Andrea is unique, and also a model: The kind of person who makes The Times at its best The Times at its best. For me, her departure will feel like the loss of a close relative or friend. I’ll look up and she won’t be there. I’ll feel the emptiness. I know I won’t be alone.
George Gustines, managing editor of T Magazine, on T executive editor Andy Port:
Going Out in Style
Andy Port, T’s executive editor, is retiring, though that word rings a bit false if you know what boundless energy she has. Read more in this note from George Gustines.
She began working at the magazine in December 1992, when T: Women’s Fashion and T: Men’s Fashion were known as Fashion of The Times or the Part 2s, T: Travel was The Sophisticated Traveler, T: Design was Home Design and “the Web site” was an unclean corner of the fashion closet.
She has worked with a League of Extraordinary Style Editors, including Carrie Donovan, Amy Spindler, Holly Brubach, Stefano Tonchi and Sally Singer.
Andy has always been part mentor, part den mother to many of the fashion, style, food and design editors who have walked the halls of the magazine. I asked one of them to wax poetic about everything Andy. The response came almost immediately. Many thanks to Maura Egan for saying it so well:
“An Andy story? Well, God, there are hundreds. She and Amy Spindler used to refer to themselves as Laverne and Shirley. I think Andy was Shirley. They were mad and marvelous together. She’s terrible at faxing and e-mail still to this day. Her office is a mess, which is always the sign of a great editor. I think she got fired from some paper (The Daily News?) because she put Al Sharpton in a Santa Claus suit for the gift guide one year. She loved working the graveyard shift there as well.”
“She eats like a bird but loves sweets. She covets clothes but likes bargains — she was the one who discovered the treasure trove of Rick Owens at the Bay Ridge Century 21 one summer. She believes the only way to truly enjoy reading is in the supine position — God bless her!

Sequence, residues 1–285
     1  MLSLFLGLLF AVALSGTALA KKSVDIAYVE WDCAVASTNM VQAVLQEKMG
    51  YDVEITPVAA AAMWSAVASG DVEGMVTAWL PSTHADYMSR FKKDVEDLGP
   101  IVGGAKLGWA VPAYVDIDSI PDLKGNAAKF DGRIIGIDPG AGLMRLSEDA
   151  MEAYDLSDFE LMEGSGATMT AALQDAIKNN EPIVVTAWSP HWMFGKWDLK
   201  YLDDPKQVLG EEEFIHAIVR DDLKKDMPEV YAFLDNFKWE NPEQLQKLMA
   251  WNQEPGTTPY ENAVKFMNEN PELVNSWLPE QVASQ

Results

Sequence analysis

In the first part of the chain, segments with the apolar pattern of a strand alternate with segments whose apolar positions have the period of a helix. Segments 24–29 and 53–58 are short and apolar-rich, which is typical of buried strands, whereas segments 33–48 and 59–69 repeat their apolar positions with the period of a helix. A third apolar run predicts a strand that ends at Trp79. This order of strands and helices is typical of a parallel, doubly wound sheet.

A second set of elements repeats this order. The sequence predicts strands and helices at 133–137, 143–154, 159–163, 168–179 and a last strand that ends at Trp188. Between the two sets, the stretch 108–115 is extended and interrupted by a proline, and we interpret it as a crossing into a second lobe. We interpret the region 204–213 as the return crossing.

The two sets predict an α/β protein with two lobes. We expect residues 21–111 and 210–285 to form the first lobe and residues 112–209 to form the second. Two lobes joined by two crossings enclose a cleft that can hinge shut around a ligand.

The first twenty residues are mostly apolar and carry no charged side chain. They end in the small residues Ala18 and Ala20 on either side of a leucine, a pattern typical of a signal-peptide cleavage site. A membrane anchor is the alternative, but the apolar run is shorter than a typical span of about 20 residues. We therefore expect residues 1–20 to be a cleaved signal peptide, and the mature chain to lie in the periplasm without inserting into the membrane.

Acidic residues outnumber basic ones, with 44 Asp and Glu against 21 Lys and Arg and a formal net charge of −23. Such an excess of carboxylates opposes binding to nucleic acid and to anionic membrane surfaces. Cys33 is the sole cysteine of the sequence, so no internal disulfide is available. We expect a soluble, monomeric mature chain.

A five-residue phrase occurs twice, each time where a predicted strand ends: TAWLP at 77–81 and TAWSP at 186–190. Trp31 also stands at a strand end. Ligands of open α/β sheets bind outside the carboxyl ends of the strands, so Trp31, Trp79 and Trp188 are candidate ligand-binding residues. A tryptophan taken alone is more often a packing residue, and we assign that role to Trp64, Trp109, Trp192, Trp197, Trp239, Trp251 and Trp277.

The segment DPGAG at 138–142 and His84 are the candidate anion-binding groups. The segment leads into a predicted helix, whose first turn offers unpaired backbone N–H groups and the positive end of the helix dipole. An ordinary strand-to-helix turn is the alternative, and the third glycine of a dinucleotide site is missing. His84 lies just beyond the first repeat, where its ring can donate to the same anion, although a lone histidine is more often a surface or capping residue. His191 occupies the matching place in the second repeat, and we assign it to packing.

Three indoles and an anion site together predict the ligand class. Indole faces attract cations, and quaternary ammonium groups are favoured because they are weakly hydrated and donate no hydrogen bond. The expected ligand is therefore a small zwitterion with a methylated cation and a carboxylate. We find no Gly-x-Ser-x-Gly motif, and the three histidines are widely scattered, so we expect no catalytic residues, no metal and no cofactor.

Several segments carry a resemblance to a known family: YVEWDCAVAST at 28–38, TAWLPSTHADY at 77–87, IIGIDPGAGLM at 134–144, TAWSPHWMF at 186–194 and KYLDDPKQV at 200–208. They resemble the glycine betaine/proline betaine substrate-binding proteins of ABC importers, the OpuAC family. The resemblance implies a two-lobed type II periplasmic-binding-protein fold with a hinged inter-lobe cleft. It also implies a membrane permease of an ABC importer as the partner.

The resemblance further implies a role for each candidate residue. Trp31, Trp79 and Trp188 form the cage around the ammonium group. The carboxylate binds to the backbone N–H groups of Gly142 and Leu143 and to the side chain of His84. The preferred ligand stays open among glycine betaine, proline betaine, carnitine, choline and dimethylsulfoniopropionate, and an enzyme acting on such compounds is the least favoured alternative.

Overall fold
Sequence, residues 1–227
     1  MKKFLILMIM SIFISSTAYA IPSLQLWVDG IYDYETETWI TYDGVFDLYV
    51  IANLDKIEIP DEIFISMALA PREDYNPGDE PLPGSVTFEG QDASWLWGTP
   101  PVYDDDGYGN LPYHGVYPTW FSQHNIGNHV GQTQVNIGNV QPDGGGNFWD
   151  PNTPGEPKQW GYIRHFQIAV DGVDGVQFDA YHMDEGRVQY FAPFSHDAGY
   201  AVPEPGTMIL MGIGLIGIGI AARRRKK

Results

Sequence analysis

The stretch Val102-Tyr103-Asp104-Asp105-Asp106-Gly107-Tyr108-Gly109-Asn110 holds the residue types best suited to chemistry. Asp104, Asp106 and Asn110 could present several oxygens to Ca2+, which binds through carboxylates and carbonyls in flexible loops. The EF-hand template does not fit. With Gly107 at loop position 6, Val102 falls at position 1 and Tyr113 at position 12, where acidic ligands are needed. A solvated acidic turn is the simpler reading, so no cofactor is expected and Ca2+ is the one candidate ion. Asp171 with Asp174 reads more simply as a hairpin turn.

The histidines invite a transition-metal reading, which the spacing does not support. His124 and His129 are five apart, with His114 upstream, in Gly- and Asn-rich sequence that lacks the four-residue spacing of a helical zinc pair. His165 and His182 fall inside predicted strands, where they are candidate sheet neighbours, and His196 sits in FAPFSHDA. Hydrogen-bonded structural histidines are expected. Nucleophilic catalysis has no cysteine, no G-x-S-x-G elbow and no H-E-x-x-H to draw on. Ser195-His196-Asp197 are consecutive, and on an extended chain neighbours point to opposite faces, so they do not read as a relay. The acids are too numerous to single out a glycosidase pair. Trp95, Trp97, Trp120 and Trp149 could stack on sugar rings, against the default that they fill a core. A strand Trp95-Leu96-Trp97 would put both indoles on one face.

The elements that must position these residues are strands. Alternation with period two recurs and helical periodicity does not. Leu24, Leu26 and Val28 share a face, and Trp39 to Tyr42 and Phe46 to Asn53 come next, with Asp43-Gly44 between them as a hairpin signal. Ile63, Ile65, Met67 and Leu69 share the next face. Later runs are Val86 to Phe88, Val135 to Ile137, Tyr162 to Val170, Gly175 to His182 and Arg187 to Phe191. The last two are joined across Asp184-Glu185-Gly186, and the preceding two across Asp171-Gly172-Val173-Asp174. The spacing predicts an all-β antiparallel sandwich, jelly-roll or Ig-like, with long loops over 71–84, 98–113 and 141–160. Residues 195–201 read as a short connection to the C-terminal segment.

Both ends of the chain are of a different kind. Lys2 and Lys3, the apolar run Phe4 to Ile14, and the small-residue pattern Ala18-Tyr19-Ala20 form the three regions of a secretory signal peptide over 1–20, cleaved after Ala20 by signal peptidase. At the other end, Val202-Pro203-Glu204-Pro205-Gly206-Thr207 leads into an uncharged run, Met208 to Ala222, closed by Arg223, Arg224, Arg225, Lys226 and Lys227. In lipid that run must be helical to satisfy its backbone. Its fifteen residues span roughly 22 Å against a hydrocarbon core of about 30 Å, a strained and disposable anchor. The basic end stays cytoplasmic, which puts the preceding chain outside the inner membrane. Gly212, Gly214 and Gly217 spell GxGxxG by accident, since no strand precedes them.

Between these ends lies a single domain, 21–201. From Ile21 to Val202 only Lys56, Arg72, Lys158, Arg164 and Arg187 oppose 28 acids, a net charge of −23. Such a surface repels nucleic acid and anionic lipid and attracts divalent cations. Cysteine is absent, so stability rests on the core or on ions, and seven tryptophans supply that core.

(She’s also the only person I know who could use that word correctly. And that’s why she’s the most amazing editor in the world, besides being like frighteningly good at display type. Look up the story “O Madonna Had a Farm,” Fashion of the Times, Feb. 24, 2002.)”
“Andy is a true wordsmith, though her French pronunciation is terrible. She loves her son, Max, more than anything in the world and she’s probably tickled that he’s finally getting married. Oh, and when she says she is losing her memory, it’s a lie. She never had it!”
We will have a champagne toast for her on Friday at 3 p.m. outsider her office.
Joe Sexton, Sports editor for the Times, on Sports columnist George Vecsey:
December 15, 2011 – Sports of The Times; Man for The Times
Joe Sexton writes: Sometimes you sit at the screen and freeze — intimidated, suddenly suspicious of your talent for expression. That’s how I feel right now, because I simply don’t possess the gifts capable of paying adequate tribute to George
So, I’ll take it one word at a time:
Okay, I’m loosening up a bit here. Seriously, George Vecsey, who will glide like a soccer striker into something like semi-retirement from The New York Times this week, has been a model Timesman for more than four decades, a journalist of range, a columnist of confidence and purpose and modesty, too, an author of books of real scholarship and total daring, a colleague of warmth and loyalty. He has been everywhere on this planet in pursuit of stories or columns, and always, at every stop, in the service of dialogue and debate and something quite like enlightenment. He and I are talking of ways to make sure his reporting and voice and values continue to appear in our pages, and I have no doubt we will in the new year devise a plan that excites him and reassures his many fans. He’s keeping his e-mail. He still has the keys to the joint. He knows he has friends for life